Women and Drones Fireside Chat with Kim James
If you do not know what Women and Drones Africa Chapter’s Fireside Chats are about; they are the weekly orgy of female drone professionals and enthusiasts of drone technology on the continent.
We say orgy, because these virtual meetings are fun. Believe us; we have been to a few of them, even featured on one. We were hooked. The ladies choose a guest whose journey they feel can inspire their own aspiration for the industry, and pick his/her brain on the aspects of the drone industry he/she has experience in.
Although the gathering is predominantly female, the guest list can also feature men; and if you are a man and still wish to offer your support, you are allowed to hang around too.
Provided you bring the firewood for the fire chats, and a keg of beer to last however long it will take for that week’s chat.
Anyway, Women and Drones have been recording these fireside chats, and they have now started appearing online. This particular chat featured Kim James, the director of South African drone services company UAV Aerial Works, who shares her experiences with South Africa’s drone regulations.
It is a hugely important topic. Relations between the drone industry and the aviation regulator – the South African Civil Aviation Authority (SACAA) – have not always been at their best, with industry players accusing the national regulator of dragging its feet in opening up the playing field so the drone economy can soar.
As Victor Radebe, the founder of Mzansi Aero Technologies and one the the respected drone technology voices in South Africa put it; “Imagine Henry Ford attempting to bring the Model T to an average American and no one was taking the responsibility to build roads and developing the regulations to manage traffic.
“Well in most countries this is exactly what drone delivery start-ups are doing. Most air navigation services providers (ANSPs) and CAAs are saying it’s not their responsibility to develop an unmanned traffic management (UTM) ecosystem. In fact, they want to throw the book at these drone delivery initiatives.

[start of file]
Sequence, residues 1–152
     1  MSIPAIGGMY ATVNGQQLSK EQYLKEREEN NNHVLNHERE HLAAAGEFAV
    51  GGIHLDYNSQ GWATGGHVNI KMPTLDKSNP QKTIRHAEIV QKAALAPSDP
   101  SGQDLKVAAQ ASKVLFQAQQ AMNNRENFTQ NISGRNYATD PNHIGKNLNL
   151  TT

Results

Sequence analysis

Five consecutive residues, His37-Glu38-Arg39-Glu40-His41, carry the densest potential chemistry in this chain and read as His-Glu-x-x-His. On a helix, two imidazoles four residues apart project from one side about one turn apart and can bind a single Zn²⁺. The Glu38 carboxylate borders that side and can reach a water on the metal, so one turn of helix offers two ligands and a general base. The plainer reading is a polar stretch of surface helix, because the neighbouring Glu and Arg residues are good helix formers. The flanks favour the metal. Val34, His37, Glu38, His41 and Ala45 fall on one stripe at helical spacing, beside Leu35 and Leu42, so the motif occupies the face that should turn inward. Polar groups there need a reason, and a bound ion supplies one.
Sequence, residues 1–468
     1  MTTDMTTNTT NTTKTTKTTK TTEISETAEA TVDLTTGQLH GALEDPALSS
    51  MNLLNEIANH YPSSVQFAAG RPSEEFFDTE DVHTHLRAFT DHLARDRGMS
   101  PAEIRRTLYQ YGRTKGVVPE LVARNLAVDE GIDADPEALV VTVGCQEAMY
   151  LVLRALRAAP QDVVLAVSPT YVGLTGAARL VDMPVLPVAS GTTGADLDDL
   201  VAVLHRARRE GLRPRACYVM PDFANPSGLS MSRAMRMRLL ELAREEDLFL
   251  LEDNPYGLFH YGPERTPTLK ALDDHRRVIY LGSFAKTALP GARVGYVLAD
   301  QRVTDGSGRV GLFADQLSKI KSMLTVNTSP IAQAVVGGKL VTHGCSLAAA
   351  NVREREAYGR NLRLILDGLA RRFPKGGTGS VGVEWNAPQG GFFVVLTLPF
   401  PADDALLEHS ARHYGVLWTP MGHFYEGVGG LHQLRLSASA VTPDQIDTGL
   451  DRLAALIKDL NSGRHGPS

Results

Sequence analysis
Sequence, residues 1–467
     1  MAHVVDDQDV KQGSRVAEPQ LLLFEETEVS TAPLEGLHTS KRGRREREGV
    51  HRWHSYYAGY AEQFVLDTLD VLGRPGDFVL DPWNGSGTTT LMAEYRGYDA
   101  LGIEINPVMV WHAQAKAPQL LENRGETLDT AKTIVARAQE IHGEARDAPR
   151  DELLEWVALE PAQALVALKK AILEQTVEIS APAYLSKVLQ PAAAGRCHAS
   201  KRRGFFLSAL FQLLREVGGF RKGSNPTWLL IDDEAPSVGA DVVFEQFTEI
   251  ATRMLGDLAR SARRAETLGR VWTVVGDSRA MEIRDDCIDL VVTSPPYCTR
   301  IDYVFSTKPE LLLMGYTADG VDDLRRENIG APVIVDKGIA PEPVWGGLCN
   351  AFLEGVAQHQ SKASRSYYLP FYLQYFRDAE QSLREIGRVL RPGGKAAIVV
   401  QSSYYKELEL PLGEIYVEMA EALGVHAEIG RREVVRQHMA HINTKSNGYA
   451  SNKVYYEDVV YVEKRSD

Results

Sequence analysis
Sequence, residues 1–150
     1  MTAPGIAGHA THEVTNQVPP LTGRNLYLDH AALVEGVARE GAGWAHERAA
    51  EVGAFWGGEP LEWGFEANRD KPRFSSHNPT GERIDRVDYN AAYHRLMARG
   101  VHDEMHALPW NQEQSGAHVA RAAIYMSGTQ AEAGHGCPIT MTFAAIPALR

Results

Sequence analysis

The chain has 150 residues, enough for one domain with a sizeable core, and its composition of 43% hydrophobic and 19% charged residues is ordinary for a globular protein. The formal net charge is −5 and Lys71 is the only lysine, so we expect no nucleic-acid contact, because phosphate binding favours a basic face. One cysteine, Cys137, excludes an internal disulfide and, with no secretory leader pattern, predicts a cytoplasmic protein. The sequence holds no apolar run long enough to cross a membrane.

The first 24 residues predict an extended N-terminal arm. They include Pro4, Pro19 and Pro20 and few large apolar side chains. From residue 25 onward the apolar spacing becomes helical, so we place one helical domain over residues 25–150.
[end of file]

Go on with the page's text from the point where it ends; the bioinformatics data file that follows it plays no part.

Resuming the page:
“Fortunately, for us there are a few bright sparks at ATNS and to a lesser extent at SACAA, who are beginning to think along these lines. However, they’d better put those those thoughts into action otherwise the RWANDA story will keep propping up in technology and aviation circles. This is the Decade of the Drone and our strategic posture has to be that of “shaping the future” of African drone industry and not “reserving our right to play” in this air space.”
South Africa had issued only around 64 Remotely Piloted Aircraft Systems Operator’s Certificate (ROC) in the five years that drone technology has gathered pace since 2015. But the frosty nature that characterised the industry and SACAA has been thawing of late, which could explain why the regulator issued three more ROCs in quick succession at the end of last year.
In this episode of the fireside, Kim explained how the Part 101 drone rules work in South Africa, the process of acquiring operating certificates and what is expected of the industry by SACAA.
It is an eye-opener for anyone hoping to operate drone in the country, and we hope you enjoy the exchanges.